The Confluence of Life and Loss

Donate Life Float 2I stood up from my workstation and looked around to take in my surroundings. Try to envision “Santa’s Workshop” and that is what my eyes saw and what filled my heart on Dec. 27, 2014. Lots of people working diligently with smiles on their faces, love in their hearts and all with a strong connection to inspire the world to Donate Life. I was in a large warehouse in Pasadena, California, which housed several floats that would later ride in the 2015 Tournament of Roses Parade. My husband, Noah, and I had the honor of helping to decorate the Donate Life Float.

I was sponsored by Astellas to ride on the Donate Life Float in 2011 and this was the third year I had assisted in decorating the awe-inspiring float. Thanks to Sierra Donor Services sponsoring our trip, Noah and I set off for our adventure to Pasadena with about 20 other volunteers on Dec. 26. I had the privilege of sharing my story on two different news stations, KCRA3 and CBS13, prior to boarding the plane to Pasadena. To view the two interviews, please click on the following links:

Cutting FlowersWe had a beautiful dinner the eve of our decorating shift with the entire volunteer group. Each of us shared our bond to organ donation. It was a touching way to kick off our trip. The following day, our decorating shift was from 8 a.m. to 4 p.m. One can’t fathom the intricacy and labor of love that goes into the creation of the Donate Life Float until you are doing a task like gluing split lentils one-by-one on the float. That was the job Noah had this year. Due to my back issues, I was sitting at the tables in front of the float cutting flower petals into super tiny pieces. Our table spent hours and hours, practically all day, doing this task. These petals would then be glued onto the butterflies on the float. It is tedious work and every hour of each volunteer mattered to complete the priceless float.

However, what mattered most is why we were all there. We all shared a beautiful connection. The women around me proved this. The woman to my right has a daughter who is living today thanks to a liver transplant. The woman to my left lost her husband, who became an organ donor. Another woman at our table lost her 30-year-old son 10 years ago, who was also an organ donor. There I sat as a 12-plus year kidney transplant recipient thanks to my selfless living donor, Sally. Our lives came together because of life and loss. We share a strong bond. We are kindred spirits. It was an overwhelmingly beautiful thing.

Noah decorating

Decorating floragraph








I had the honor of making an eyebrow on one of the floragraphs. A floragraph is a mosaic of a person who passed away and became an organ donor and whose face would be displayed on the Donate Life Float. It was emotional and an honor to have this opportunity that was bestowed on me by one of the staff members. As I did this, the woman who lost her husband took pictures of me. I looked up and saw Noah up high on the scaffolding placing his lentils on the float. We waved to each other. What an emotional journey. I was surrounded by life and loss, yet our lives all came together at an emotional and inspiring confluence. We all shared the same sentiment: the love for life. One that because of organ donation is able to continue to live on because of someone’s selfless act of giving. I was overwhelmed with emotions during that moment and filled with a sense of contentment.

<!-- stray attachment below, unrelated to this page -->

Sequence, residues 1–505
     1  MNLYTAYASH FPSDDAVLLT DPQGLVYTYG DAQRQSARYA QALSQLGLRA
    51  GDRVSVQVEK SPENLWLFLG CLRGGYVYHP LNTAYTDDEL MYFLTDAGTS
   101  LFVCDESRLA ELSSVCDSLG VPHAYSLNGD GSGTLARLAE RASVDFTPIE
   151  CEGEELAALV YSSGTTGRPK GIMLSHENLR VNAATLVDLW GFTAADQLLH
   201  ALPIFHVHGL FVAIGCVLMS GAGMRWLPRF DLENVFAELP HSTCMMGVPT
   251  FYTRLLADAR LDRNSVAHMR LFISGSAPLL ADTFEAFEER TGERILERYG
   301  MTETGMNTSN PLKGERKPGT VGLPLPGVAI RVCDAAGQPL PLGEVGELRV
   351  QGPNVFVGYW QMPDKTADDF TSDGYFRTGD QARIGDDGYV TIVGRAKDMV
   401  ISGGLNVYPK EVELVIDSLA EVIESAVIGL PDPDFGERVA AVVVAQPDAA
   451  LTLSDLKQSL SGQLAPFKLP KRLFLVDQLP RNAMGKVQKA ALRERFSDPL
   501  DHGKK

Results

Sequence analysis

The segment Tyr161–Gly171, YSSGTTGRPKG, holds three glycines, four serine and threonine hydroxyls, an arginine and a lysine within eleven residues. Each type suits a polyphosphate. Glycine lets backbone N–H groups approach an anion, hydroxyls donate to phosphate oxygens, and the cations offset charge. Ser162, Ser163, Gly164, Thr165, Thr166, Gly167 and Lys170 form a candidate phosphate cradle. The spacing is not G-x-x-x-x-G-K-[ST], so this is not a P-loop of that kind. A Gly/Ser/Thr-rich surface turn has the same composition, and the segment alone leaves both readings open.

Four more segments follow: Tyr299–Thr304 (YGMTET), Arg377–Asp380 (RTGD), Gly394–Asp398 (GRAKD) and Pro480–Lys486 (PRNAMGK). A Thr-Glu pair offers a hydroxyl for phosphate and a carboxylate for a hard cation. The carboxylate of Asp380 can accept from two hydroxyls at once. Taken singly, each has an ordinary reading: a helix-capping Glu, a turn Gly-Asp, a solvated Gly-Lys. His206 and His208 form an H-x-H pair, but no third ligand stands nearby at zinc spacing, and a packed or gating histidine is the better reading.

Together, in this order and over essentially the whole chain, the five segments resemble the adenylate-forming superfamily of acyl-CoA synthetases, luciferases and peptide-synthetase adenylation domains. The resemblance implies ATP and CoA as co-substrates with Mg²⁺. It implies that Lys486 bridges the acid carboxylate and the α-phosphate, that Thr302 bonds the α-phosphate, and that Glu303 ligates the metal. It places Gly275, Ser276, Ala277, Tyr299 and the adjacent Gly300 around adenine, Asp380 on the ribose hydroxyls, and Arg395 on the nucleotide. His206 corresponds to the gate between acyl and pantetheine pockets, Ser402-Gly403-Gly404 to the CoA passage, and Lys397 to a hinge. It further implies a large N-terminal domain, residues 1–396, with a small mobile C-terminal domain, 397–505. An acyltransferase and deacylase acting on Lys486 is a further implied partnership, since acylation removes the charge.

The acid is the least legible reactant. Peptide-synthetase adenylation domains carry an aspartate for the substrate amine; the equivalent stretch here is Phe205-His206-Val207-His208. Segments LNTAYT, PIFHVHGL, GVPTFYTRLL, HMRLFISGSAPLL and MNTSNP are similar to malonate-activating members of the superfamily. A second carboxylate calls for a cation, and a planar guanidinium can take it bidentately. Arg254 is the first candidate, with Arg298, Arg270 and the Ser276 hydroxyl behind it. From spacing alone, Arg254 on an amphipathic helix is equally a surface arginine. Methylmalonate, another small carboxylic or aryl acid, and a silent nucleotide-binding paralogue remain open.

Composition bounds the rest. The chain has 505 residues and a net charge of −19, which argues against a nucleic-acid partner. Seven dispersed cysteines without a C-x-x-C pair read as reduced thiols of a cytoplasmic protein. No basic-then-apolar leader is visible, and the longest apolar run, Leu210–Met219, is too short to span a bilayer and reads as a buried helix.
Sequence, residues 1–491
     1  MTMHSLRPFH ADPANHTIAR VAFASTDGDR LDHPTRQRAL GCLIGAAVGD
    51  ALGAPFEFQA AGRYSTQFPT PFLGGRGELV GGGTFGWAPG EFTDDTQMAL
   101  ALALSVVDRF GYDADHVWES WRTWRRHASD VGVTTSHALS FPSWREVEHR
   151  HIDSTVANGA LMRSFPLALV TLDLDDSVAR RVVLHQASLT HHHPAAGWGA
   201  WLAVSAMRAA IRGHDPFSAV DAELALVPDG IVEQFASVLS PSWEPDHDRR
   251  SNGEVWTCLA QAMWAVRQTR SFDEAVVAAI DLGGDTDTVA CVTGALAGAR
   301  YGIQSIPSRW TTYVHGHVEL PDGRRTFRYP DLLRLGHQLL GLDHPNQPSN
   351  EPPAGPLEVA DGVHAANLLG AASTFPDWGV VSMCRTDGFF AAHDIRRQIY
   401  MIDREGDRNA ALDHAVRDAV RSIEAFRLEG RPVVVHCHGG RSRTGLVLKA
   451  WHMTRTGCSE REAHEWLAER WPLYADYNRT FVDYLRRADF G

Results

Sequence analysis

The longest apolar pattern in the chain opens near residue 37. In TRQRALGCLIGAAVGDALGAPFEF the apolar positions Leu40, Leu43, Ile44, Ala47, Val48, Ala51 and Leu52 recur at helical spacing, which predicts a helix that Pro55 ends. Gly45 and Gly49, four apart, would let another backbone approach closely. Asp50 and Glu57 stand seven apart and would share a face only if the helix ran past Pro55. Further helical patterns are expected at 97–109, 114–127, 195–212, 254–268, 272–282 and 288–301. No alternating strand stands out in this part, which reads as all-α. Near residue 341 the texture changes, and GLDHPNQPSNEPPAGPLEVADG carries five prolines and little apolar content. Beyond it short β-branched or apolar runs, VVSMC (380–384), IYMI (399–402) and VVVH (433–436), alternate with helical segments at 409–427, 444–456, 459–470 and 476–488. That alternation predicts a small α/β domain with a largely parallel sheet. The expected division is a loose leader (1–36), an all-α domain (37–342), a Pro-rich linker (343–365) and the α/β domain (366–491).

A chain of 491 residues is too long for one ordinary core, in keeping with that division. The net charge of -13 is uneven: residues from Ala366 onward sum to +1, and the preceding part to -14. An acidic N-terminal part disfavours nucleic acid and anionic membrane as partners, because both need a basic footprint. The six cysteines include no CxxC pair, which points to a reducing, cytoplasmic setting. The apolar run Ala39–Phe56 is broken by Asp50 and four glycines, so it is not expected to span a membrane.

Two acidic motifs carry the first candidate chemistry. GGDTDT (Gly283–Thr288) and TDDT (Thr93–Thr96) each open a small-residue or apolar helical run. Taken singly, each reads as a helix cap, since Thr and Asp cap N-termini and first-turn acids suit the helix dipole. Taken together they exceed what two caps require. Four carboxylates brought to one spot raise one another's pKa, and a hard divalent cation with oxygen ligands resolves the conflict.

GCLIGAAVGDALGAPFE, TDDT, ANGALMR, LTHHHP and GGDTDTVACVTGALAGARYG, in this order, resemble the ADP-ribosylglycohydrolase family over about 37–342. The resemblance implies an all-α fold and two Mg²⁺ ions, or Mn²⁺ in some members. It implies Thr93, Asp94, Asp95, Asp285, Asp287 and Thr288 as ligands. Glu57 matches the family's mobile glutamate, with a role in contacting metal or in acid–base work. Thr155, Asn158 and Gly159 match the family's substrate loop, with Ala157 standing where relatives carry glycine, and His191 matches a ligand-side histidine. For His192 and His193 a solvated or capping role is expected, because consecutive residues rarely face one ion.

Gary Foxen

Tom Mone-CEO One Legacy-Friend made thanks to Gary Foxen &  float






Thank you to everyone who helps make the Donate Life Float possible and especially to the man who started it all, Gary Foxen. Gary was a transplant recipient who passed away from cancer in 2014. I had the honor of meeting him, exchanging a few touching emails and having the ride of my lifetime when I was a float rider. Thanks to Gary, Noah and I experienced one of the most amazing weekends of our lives when I was a float rider. We have also made wonderful friends thanks to the Donate Life Float. Gary’s legacy will live on forever and I hope to be a part of it annually. Please take the time to learn the history of the Donate Life Rose Parade Float and a celebration of the life of its Founder, Gary Foxen, by watching the following video:

Donate Life Float 1

Do you have a connection to organ donation? Please share your story below. 


  1. Daneen Barker

    My 19 yr old daughter was an organ donor in August 2013 after she suffered a brain AVM. We have become advocates for organ donation in her name. We have contact with three of her six recipients, which brings us much happiness. We would love to find a way to help with the Donate Life float & honor our daughter as well.

    • Valen Keefer

      Hi Daneen,

      I admire and commend you and your family for being advocates for organ donation after the loss of your daughter. I am thankful that it is a source of happiness for you. I reached out to One Legacy, who is the organization that is in charge of the Donate Life Float. To learn more about helping and honoring your daughter, please reach out to their Foundation Executive Director, Anne Grey, at I wish you all the best!


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